|'Is there enough cash in here?'|
The SNP was quick to point out that the Osborne observations were little more than campaigning for a 'no' vote in the upcoming referendum (which I still think should be open the all of the UK, not just Scotland), and they were probably right. And yet I am all in favour of Scottish independence, but I can still see Osborne's point.
There seem to be four options available:
- Go into the Euro
- Keep the pound in some kind of 'Sterling zone'
- Use the pound without official sanction from the UK
- Set up a separate Scottish currency
Of course until recently the Euro appeared to be the desirable option to the SNP (if you set aside the possibility that Scotland might not have been accepted) - but it has become a poisoned chalice. No one wants that anymore. The 'Sterling zone' is the SNP's new idea, but I really can't see why the rest of the UK would want it. All the evidence is that currencies across multiple sovereign states produce serious problems. Scotland could go for the unofficial pound, just as Panama uses the US dollar, but I suspect this is considered beneath the SNP's vision of a proud, independent Scotland. As for a DIY currency, the SNP is rightfully wary, because Scotland is sufficiently small for this to be a risky approach indeed. Even so, it may be the only real option.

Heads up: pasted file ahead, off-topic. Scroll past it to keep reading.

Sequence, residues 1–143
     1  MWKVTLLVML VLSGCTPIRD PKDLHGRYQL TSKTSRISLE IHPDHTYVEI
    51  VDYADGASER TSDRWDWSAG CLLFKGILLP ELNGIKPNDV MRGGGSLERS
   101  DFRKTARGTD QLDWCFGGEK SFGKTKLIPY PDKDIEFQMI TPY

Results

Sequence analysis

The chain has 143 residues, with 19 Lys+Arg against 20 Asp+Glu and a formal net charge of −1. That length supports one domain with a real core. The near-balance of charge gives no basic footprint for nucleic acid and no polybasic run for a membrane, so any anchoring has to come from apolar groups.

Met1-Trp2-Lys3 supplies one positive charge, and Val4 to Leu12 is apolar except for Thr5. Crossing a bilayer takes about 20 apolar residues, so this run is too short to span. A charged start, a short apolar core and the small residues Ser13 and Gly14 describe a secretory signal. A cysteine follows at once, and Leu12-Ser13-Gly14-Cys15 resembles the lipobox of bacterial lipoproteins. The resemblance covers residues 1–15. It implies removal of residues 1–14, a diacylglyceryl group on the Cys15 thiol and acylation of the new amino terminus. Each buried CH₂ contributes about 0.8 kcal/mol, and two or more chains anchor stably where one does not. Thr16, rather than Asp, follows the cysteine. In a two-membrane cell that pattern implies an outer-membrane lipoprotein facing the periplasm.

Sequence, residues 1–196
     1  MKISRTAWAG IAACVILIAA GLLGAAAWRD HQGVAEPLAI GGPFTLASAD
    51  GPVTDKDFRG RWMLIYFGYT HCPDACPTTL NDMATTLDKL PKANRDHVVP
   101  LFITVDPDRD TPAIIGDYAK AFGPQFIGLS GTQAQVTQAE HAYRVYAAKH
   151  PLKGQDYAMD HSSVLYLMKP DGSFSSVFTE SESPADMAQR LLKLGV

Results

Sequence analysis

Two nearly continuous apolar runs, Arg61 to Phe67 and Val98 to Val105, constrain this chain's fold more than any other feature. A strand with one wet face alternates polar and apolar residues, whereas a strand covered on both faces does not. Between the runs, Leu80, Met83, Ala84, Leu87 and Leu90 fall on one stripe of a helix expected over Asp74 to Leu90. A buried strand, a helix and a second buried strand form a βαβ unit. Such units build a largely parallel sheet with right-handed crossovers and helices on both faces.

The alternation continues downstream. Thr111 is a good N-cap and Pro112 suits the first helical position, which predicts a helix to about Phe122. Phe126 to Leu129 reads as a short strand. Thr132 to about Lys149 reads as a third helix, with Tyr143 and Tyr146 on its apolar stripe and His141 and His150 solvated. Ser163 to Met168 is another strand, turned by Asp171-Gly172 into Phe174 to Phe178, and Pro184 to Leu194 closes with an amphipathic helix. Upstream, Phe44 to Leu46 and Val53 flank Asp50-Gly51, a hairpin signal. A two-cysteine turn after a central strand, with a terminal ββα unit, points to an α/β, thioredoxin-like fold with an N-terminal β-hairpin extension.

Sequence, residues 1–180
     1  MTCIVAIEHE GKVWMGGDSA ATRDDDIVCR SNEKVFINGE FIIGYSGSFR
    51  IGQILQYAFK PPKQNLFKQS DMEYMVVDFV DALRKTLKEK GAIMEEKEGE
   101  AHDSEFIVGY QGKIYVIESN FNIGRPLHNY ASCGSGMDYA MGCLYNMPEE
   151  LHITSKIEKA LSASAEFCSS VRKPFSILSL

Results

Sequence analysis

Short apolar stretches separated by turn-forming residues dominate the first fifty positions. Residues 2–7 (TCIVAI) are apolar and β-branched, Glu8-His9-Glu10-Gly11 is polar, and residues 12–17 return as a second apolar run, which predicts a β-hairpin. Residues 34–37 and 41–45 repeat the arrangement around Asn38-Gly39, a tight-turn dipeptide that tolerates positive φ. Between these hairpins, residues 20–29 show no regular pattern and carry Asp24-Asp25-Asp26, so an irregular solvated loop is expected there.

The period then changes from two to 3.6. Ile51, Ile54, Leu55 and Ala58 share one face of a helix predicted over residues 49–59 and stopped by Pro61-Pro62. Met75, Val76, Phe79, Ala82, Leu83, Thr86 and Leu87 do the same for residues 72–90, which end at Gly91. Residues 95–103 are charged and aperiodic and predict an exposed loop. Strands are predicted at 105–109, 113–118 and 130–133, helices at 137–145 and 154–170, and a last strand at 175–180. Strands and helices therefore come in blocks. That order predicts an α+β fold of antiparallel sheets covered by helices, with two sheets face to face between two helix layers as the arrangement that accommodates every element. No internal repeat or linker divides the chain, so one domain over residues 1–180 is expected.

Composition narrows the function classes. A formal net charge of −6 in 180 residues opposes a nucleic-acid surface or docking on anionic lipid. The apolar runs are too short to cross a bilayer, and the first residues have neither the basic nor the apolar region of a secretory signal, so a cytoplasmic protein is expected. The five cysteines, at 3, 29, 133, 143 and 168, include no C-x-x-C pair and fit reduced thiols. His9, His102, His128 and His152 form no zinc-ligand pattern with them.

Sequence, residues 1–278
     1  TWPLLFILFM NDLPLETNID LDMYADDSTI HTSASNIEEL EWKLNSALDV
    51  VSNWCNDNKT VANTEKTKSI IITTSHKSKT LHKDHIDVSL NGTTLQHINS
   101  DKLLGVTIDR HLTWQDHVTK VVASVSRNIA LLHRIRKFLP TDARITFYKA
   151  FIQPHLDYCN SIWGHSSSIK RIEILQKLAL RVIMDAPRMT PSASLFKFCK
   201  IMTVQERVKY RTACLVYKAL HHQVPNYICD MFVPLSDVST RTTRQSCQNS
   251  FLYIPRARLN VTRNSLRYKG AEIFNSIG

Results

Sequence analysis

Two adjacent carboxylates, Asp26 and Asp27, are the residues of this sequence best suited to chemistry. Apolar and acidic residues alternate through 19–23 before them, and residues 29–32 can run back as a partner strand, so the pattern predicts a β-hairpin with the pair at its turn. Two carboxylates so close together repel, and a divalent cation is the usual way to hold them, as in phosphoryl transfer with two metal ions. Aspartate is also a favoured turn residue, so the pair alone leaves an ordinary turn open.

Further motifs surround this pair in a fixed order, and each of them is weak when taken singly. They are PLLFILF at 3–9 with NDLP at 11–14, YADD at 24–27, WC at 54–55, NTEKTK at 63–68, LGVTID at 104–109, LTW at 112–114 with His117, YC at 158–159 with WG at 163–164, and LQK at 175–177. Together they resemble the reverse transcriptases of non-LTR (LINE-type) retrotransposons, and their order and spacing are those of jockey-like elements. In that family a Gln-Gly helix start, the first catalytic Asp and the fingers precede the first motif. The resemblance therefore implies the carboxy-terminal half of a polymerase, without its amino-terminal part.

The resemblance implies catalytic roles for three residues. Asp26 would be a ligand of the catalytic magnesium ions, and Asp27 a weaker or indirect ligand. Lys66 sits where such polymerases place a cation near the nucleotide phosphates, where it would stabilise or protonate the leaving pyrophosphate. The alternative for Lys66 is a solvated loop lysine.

What I was fascinated by was Alex Salmond's rather petulant 'If you won't go with a Sterling zone, we won't accept our share of the deficit.' It made me wonder just how that would work. Given a national deficit isn't like a building society loan, split after a divorce, how would it work? Who would decide who gets what if both sides are saying 'I don't want this bit'? It's an interesting conundrum.